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Can someone Help Me to Solve this Issue Practically

Dolly-Zoom Camera Op

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#1 Samuel Cannan

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Posted 21 January 2018 - 09:38 AM

Hi,

 

Im new to the website so I hope this is the correct area to post this question.

 

Im looking to take advantage of a Dolly-Zoom (Vertigo Zoom) down a long hallway for my next film and I'm keen to put a character in the foreground. This would be easily done, however, im wondering if there a practical way to achieve the dolly zoom effect if the character is running down the hallway with the camera following the character? Simply put he runs down the hallway whilst the camera follows him on tracks yet the characters surroundings warp. Im aware this is easy to do in post-production, but the director wants as much to be practical effects as possible.

 

I Preemptively thank anyone who helps me out or sends me in a direction to solve this

 

Sam.


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#2 Phil Rhodes

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Posted 21 January 2018 - 09:45 AM

Well, it's doable, you just need to ensure that you are overtaking the character on the track as he runs, and zooming out to compensate.

 

(Or allowing him to overtake you, and zooming in.)

 

The situation is the same as normal, it's just that the camera and the character are both in motion.

 

P


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#3 Samuel Cannan

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Posted 21 January 2018 - 09:56 AM

Okay, awesome! Thanks, Phil. I wasn't sure if it was going to be as simple as that. Props to you!


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#4 David Mullen ASC

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Posted 21 January 2018 - 10:45 AM

They did that in “Poltergeist” when Jobeth Williams runs down the hallway.
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#5 David Mullen ASC

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Posted 21 January 2018 - 11:37 AM

You have some challenges to deal with...

 

#1. if you are tracking straight down the hall, then you can only lay so much track before it comes into the shot in front of the lens, but you may be helped by #2.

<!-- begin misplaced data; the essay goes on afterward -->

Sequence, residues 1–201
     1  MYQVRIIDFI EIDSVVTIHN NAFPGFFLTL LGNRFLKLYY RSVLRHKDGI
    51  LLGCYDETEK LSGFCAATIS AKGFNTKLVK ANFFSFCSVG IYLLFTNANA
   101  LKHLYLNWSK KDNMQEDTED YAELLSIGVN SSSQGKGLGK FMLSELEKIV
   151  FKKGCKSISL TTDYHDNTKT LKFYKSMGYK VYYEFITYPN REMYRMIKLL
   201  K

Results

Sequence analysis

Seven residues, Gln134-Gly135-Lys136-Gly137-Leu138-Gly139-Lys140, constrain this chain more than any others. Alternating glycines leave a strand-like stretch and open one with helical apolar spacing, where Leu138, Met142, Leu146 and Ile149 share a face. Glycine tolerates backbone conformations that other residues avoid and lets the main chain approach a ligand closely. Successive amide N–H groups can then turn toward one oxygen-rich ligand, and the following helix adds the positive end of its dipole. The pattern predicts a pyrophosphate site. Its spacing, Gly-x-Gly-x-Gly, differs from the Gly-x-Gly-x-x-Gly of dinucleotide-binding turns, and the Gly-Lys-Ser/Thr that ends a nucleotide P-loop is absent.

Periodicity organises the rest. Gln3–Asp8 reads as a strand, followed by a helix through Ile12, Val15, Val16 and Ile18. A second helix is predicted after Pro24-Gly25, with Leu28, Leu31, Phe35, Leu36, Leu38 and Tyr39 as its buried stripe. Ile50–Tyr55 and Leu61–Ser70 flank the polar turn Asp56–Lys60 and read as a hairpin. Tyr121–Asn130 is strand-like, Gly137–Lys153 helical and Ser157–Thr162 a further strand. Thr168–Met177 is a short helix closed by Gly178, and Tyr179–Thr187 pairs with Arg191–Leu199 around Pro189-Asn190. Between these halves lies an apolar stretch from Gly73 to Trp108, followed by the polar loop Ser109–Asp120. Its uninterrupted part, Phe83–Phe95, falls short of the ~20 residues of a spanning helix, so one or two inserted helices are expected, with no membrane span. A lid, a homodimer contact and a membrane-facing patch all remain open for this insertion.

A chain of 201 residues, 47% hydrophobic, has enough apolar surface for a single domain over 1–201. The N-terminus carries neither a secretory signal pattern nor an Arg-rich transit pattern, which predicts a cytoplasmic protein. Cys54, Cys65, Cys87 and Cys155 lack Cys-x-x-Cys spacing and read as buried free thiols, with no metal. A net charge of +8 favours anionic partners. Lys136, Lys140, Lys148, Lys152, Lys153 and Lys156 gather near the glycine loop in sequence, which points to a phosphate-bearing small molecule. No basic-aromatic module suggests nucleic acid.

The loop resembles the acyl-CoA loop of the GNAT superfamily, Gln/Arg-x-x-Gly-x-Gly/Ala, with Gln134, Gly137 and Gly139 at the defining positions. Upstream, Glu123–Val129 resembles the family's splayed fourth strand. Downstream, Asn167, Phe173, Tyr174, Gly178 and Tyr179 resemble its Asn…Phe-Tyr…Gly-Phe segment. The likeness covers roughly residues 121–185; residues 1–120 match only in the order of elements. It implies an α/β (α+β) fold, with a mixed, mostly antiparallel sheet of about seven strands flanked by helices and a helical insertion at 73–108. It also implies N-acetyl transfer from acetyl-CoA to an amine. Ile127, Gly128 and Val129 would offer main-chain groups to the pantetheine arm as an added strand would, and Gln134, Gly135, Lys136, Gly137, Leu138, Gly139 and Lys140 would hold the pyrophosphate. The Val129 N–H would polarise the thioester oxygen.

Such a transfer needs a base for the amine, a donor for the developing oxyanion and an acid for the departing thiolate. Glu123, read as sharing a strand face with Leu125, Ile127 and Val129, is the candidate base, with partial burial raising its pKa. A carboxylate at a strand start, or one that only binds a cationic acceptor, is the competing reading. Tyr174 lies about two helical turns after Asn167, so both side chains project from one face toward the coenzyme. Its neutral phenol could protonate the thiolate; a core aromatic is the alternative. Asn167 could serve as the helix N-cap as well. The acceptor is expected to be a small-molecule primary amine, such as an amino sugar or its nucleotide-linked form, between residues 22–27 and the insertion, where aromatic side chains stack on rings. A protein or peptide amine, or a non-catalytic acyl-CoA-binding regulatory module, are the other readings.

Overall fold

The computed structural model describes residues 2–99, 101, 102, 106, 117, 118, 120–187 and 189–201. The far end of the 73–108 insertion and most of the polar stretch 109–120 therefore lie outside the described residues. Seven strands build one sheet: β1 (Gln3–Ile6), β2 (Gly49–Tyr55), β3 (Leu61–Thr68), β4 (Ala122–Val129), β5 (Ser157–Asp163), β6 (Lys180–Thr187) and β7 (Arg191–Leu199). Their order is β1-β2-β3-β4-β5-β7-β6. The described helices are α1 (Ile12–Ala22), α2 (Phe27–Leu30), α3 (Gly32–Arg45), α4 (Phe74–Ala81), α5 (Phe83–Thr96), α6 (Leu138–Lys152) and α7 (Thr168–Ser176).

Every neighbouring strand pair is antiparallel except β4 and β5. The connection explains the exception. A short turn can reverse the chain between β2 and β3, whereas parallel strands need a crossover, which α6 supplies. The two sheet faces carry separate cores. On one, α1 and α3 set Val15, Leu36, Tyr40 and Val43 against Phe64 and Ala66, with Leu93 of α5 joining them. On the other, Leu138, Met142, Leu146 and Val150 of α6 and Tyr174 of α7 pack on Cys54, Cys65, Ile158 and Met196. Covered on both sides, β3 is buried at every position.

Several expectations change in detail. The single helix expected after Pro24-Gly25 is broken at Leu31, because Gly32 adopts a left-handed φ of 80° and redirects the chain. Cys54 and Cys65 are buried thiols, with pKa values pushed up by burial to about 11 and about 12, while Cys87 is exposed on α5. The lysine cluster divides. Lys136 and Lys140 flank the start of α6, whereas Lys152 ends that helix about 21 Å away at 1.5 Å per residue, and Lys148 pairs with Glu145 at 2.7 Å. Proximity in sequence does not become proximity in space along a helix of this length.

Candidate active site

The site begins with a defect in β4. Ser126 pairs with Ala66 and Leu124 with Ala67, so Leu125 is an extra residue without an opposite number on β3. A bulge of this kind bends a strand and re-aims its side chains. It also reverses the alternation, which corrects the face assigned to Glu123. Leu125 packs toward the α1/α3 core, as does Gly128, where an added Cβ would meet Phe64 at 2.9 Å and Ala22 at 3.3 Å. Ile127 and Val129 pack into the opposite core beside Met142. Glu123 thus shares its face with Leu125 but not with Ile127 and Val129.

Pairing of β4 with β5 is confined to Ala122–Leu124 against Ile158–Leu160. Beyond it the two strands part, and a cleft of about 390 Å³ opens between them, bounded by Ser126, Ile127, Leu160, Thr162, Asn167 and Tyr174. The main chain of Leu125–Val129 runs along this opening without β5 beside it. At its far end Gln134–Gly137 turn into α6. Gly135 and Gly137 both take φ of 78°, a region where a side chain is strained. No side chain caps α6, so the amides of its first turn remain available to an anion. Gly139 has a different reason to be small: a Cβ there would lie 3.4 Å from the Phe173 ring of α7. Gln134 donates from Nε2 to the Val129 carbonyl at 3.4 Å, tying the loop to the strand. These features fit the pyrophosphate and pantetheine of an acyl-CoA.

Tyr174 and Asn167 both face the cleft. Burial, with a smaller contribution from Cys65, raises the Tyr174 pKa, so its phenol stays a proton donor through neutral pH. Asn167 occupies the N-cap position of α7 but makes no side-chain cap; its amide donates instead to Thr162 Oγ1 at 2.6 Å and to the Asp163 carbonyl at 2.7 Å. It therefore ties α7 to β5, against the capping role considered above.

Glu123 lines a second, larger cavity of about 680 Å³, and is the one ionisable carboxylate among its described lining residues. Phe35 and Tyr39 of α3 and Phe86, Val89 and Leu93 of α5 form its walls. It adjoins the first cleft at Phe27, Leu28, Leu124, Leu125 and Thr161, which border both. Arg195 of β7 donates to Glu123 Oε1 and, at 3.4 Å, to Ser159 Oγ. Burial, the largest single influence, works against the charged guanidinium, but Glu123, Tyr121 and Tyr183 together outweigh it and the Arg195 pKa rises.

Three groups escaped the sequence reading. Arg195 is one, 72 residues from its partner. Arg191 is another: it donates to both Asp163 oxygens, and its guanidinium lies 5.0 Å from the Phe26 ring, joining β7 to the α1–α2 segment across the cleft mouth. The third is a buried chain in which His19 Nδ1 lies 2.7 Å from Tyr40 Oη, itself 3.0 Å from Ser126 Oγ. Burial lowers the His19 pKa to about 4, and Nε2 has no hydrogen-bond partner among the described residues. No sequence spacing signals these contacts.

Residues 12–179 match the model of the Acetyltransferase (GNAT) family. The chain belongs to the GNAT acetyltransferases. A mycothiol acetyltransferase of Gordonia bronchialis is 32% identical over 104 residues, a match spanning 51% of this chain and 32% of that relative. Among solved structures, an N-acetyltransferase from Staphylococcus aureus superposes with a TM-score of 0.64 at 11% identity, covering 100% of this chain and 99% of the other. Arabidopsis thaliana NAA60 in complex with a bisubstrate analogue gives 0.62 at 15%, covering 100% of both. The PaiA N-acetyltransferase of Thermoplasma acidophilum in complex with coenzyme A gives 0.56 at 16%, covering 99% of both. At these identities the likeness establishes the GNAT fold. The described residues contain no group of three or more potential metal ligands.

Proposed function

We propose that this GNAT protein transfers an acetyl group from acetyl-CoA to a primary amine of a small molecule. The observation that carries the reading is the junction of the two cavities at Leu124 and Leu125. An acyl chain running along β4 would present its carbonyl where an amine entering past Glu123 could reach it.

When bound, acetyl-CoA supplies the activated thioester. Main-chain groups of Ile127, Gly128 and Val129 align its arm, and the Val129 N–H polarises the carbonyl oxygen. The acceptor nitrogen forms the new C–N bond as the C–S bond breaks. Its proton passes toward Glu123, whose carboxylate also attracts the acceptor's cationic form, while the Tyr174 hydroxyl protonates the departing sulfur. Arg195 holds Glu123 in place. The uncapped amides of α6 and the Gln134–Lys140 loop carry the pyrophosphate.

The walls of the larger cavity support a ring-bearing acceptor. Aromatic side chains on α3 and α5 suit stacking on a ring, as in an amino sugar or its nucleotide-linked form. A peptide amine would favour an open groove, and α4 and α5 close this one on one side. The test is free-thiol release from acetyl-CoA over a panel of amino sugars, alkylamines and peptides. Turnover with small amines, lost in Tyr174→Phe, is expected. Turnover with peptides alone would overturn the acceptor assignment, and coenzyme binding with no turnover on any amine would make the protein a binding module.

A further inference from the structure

#2. Dolly-zoom shots either dolly forward + zoom out (tele-to-wide) or dolly backwards + zoom in (wide-to-tele).  It would be odd to do the second if your character has to stay in frame as they run since the move would start at the opposite end of their run and be pulling backwards.  So if you are doing the first, your camera will be backed down to the head of the track but the lens zoomed in to the far end of the hallway, so the shot will gradually be more and more wide-angle as you reach the end of the move.  

 

#3. If you are dollying forward while zooming out, then your shot starts as a telephoto one, so it will be harder to get your character into frame unless they are running close to the center (ideally right down the center so their back is in frame most of the time).  This means your actor is going to be running along the inside of the track, which is awkward.  You could lay the track to one side and use a 3' offset to get back to center but you'll probably have more visible bounce to the shot at the telephoto end of the move (the first part).

 

#4. A long run requires a long zoom otherwise you aren't zooming as much as you are dollying.  So most likely you'll have to use 11:1 like a 24-290mm if shooting on a 35mm sensor camera.


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#6 Adrian Sierkowski

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Posted 21 January 2018 - 01:13 PM

If you go with #3, and assuming you're on one of the more high res cameras out there, you can frame a little wider (with the intent to crop in in post) and use the extra room for a slight image stabilization.


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#7 Samuel Cannan

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Posted 22 January 2018 - 08:30 AM

Thanks to all for the help! Its brought up some new elements I need to consider so thank you David for the thorough answer, ill make sure to have a watch of the scene in "Poltergeist" again for reference.


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